There was a time when we listened to science, leaned forward when its experts spoke about smoking, clean air and water, or the need for something called a seatbelt. But that was long ago, before corporate interests convinced us that the best policy for just about any social crisis was to do nothing. Today research surveys that statistically demonstrate the benefits of raising the minimum wage have about the same chance of being heard above the denial din as climate change papers.
Nevertheless, the authors of Effects of a Fifteen Dollar an Hour Minimum Wage in the City of Los Angeles, a new study conducted by the Economic Roundtable and funded by the Los Angeles County Federation of Labor, hope to open some very closed minds about these economic benefits. Tuesday the two groups released the study at a media event held on a corner of Lafayette Park.
Labor and community groups are using the study to campaign for raising Los Angeles’ minimum wage to $15 an hour. County Fed staff director Glen Arnodo told Capital & Main that this campaign is a complement to the Raise LA effort to win a $15.37 an hour wage for workers in L.A.’s large hotels, although it is not a part of that campaign.
Maria Elena Durazo, the Fed’s executive secretary-treasurer, noted that while Los Angeles is a city of diversity, the study’s results “show that diversity stops when it comes to the paychecks of working people.” She then cited some of the Roundtable’s findings.
“Forty-six percent live on poverty wages in one of the most expensive cities in the world,” said Durazo. “If every low wage worker in L.A. made $15 an hour it would raise enough city revenue to fill 10 million potholes. Or hire 1,000 first responders. Or keep every library open every day.”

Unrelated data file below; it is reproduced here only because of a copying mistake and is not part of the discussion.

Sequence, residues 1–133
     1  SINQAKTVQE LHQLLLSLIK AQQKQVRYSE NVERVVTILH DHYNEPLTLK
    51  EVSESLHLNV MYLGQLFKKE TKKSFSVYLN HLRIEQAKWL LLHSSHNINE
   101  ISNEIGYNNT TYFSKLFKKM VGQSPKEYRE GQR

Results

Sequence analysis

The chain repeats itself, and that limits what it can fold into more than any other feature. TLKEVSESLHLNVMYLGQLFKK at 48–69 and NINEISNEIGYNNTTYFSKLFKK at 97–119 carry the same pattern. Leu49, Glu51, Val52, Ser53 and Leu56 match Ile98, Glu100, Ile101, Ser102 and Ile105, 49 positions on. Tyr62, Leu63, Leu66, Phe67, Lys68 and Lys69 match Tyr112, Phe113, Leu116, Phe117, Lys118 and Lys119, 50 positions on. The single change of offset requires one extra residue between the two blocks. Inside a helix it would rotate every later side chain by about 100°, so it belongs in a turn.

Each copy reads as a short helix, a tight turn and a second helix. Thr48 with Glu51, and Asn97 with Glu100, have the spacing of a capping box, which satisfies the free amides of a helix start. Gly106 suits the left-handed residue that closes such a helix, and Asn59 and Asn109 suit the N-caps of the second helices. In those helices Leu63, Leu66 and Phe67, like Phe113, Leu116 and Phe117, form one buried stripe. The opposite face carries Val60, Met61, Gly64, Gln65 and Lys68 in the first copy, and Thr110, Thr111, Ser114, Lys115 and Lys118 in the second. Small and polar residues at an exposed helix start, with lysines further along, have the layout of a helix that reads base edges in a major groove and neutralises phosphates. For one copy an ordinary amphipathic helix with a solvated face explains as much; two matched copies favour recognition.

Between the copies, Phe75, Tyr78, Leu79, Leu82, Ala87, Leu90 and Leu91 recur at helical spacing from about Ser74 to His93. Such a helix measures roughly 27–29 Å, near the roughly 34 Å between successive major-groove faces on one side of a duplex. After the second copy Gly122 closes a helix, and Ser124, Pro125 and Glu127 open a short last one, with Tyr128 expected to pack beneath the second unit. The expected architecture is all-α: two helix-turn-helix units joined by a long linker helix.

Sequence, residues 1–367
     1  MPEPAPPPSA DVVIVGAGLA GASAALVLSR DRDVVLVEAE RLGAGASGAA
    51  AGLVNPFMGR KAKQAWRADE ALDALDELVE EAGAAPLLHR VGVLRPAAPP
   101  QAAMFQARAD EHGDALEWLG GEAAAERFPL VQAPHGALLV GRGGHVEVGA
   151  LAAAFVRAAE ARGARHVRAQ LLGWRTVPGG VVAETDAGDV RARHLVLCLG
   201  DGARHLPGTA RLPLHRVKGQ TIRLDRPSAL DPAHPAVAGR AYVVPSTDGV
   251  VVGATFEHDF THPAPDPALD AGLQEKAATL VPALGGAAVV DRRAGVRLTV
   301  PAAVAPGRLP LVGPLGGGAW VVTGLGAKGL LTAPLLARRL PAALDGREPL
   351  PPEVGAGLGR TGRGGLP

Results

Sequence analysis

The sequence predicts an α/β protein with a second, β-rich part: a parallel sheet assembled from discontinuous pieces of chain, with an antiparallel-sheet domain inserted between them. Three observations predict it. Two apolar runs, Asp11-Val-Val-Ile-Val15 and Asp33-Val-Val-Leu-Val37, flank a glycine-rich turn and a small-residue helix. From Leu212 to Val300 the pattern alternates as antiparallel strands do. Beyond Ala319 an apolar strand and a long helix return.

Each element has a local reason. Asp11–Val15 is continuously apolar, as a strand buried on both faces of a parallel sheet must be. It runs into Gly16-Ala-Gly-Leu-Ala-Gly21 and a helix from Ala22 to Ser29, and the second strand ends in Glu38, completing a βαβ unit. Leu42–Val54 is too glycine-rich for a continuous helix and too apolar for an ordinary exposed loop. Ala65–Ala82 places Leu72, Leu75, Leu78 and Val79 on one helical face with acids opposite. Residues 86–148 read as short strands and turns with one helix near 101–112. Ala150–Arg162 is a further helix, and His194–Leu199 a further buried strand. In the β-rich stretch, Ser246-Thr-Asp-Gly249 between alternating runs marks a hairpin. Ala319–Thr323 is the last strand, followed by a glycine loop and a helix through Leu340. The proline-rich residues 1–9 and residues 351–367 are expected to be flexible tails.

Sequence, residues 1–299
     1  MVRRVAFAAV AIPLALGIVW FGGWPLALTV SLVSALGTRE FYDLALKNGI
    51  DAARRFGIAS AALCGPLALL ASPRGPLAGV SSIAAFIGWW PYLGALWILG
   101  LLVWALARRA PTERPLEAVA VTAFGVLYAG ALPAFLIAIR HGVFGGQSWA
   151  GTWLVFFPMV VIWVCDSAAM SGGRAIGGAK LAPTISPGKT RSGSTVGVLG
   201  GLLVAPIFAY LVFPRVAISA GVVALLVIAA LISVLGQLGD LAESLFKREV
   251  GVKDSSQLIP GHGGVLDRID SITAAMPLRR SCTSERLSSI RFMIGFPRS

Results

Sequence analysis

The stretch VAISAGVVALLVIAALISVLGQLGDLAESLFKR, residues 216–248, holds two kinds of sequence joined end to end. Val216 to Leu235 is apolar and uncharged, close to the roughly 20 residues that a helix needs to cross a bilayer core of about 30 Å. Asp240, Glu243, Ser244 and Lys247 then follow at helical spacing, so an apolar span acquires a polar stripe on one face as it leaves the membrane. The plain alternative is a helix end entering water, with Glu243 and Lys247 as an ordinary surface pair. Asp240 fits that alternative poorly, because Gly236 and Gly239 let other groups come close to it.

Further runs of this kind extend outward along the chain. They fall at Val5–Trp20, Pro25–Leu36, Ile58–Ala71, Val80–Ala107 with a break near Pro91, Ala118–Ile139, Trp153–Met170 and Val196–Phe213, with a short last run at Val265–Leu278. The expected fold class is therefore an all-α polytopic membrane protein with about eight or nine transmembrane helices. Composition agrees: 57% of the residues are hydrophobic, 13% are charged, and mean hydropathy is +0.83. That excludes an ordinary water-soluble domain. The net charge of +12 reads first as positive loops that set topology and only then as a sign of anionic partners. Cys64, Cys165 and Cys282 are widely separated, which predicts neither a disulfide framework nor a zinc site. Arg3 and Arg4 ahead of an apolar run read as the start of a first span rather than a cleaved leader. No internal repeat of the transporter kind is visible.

These figures are startling because, on the surface, the city of Los Angeles looks prosperous – its residents’ estimated average hourly wage is $27.85. This yields, the study says, “$58,244 for the average wage and salary worker.” Yet the Roundtable’s data show what a mirage this prosperity is. Among the findings:
- Three-quarters of the fulltime labor force residing in the City of Los Angeles earn less than comparable workers 30 years ago.
- This wage erosion becomes worse the lower down the income percentile you go. (The 25th percentile – the working poor – has been hit hardest.)
- That 46 percent of Angelenos who earn less than $15 an hour translates into a population of working poor of 810,864.
- Raising the minimum wage to $15 an hour would create an estimated 64,700 new jobs in the county to meet the increased demand for goods and services.
The event’s centerpiece was the unveiling of a billboard, rendered in the style of a green city limits sign. There are seven of these now spread out around L.A., announcing:
Poverty Wage Pop 810,864
The Economic Roundtable study, which took four months to complete, makes a compelling case for a minimum wage raise, stating its thesis in non-polemical language while focusing on the benefits to be enjoyed by the raise. (Specifically, that raising the wage would put $7.6 billion of spending money into L.A’s economic bloodstream.) But will its figures and conclusions get lost among the blizzard of industry counter-research or political indifference? And, perhaps more important, have we become so inured to human hardship that a plea to pay just wages has to be made in terms of economic logic and not fair play for workers?
“I think the research makes an argument of moral fairness,” said Daniel Flaming, one of the study’s authors. “We want people to be able to live with a minimal standard of dignity if they’re doing something for our shared wellbeing – these are the people who put a roof on our house or a meal on our table. Our society isn’t sustainable if there are such vast disparities between people who share the tasks of making our economy work.”
Capital & Main